This.


Brenda has designed a GORGEOUS collection of Fair Isle Tunisian crochet projects. The total count is 16 projects. The instructions are presented in both written and color charted form. There is an excellent reference on technique in the front of the book on all of,the necessary stitches. There are cowls, mitts, boot toppers, sweaters and afghans. Her color choices and motifs are beautiful. This book is a true labor of love, as Brenda wrote it, her sons did the photography and her beautiful daughter-in-law modeled all of the designs.

So here is my (really, our) gift yo you, faithful readers: while I am floating around the Caribbean, you good folks leave your comments here, and when I get back home on March 7th, I will randomly select a winner to receive a FREE COPY! If you don’t want to wait, click here to order a copy right now! Make something beautiful and make life DIY!

Book Giveaway! 

Update: We have a winner! Michele Lator Murray is the winner of the copy of Crafter’s Market 2016! Stay tuned…I have more book giveaways coming!

Howdy folks! I hope winter hasn’t gotten you too down in the dumps. Over here, I have been making up a storm! I opened a booth recently in a local artisan’s marketplace. On the weekends, my house looks like a yarn and fiber bomb has gone off! Along with that new venture, I also have lucked into an opportunity to review some craft books for the fine folks over at F+W. If you are a fiber artist, like myself, you may be familiar with some of their magazine lines, including Interweave Knits, Interweave Crochet, Spin Off and Handwoven.

Their book publishing division offers multiple craft related titles of all kinds; quilting, knitting, crocheting, spinning, weaving…you get the picture…if it can be made, F+W probably has a book on how to do it.

But once you have made something, what then? If you are anything like me, you make for yourself, you make for gifts, but sometimes you just make, because, well, we just like making stuff. But once you begin making stuff that you have no home for, perhaps you have considered selling your work. What’s that, you say? You have no idea where to begin? Then you need a copy of Crafter’s Market 2016!

 

Filled with excellent tips from pros in the know, Crafter’s Market 2016, covers topics such as how to set up your business, how to promote your work using social media, how to exhibit at shows and festivals, and much, much more. There is even advice on bookkeeping for tax purposes as well as information pertaining to copyright issues. As someone who recently set up a local booth in an artist’s marketplace as well as reviving my online shop, I found a treasure trove of hints, tips and advice on how to market my work to get the most bang for my buck. Now as if all that wasn’t enough, you also get a free subscription to Artistsmarket Online so you can stay up to date.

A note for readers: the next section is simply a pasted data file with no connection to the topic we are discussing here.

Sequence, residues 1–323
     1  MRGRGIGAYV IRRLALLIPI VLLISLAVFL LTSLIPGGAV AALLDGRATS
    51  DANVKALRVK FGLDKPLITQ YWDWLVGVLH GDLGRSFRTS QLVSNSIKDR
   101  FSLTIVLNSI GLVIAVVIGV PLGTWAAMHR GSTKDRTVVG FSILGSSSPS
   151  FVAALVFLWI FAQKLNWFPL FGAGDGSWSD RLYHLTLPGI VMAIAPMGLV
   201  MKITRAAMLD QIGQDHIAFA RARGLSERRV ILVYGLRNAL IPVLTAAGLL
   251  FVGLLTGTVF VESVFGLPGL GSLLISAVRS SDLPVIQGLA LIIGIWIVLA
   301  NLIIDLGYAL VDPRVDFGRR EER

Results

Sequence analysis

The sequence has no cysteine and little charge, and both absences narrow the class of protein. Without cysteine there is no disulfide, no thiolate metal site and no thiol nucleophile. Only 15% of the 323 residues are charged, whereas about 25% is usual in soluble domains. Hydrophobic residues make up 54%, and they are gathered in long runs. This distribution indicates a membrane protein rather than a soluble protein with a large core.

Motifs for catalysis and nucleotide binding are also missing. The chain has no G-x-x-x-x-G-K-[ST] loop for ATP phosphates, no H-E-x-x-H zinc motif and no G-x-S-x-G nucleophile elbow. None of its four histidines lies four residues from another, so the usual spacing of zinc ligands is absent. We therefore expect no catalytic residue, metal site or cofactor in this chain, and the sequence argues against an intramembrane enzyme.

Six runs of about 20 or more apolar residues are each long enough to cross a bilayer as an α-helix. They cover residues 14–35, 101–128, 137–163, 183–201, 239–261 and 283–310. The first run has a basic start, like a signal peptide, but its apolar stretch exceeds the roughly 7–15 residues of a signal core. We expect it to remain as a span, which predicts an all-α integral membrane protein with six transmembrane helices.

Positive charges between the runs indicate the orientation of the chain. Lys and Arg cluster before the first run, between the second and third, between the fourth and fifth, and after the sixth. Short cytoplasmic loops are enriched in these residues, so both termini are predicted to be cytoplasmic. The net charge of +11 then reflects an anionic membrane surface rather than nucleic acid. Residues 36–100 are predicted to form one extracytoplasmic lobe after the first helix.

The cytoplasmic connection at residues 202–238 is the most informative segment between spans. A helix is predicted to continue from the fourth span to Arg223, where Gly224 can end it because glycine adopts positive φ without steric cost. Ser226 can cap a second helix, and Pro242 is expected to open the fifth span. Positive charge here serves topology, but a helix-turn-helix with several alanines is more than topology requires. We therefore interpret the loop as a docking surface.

F+W has generously agreed to provide a giveaway copy of Crafter’s Market 2016 to one of my lucky readers! All you have to do is leave a comment here on the blog. On Sunday 2/21/16 at 10:00 p.m. CST, I will select one lucky winner to receive their very own copy! If you can’t wait, however, until Sunday to find out if you have won, you can always go here to buy a copy! Good luck, and Make Life DIY!

Ice, snow, cold outside. Warm and happy inside!

So, haven’t chatted here in awhile. I went to bed with the sound of sleet and freezing rain beating a steady rhythm on my tin roof. I woke up to this today.

  
I know you folks up North are probably laughing right about now, but down South, we pretty much shut things down at the mere mention of ice or snow, but especially ice. After checking with my clients, none of them wanted to make the trek in to town to see me, so I have been keeping myself occupied.

  
I love this pattern! It is so satisfying to watch it develop. I am pretty sure I will keep this piece, rather than putting it up for sale in my new “shoppe”, Atelier Renee’. What’s that, you say? You didn’t know about my shoppe? Here’s a sneak peek.

  
I am branching out from Crochet Renee’ to Atelier Renee’ in order to embrace ALL the nifty things I make! I have been casting about for some time for a good name. I like Atelier, as it is French for “workshop”. Also, it still rhymes with Renee’! Winning! If you are local and want to go check it out, you can find me smack dab in the center of the Artisans Market at Interiors Marketplace in Mt. Home, Arkansas. Stay tuned, though, as I will be giving my Etsy site a facelift in the very near future! Exciting stuff going on around here. Also, I am making a pot of chicken chili.

  
 Recipe can be found here. Don’t know how it is going to taste yet, but it smells divine! Stay warm, ya’ll, and make life diy!

Making ready

With the forecast of 20 degrees Fahrenheit last night, I went into a flurry of activity yesterday. Lawnmower winterized? Check. Root crops pulled from the garden? Check. Cut some parsley and cutting celery for the freezer? Check.

The root crops included turnips, carrots and beets. There was one…interesting carrot…

   
 
I love all veggies, (except maybe Lima beans) but of all the root crops, I have a special fondness for beets. Especially pickled beets. My Mom couldn’t make enough pickled beets when I was a kid. Now that I am grown, I make my own.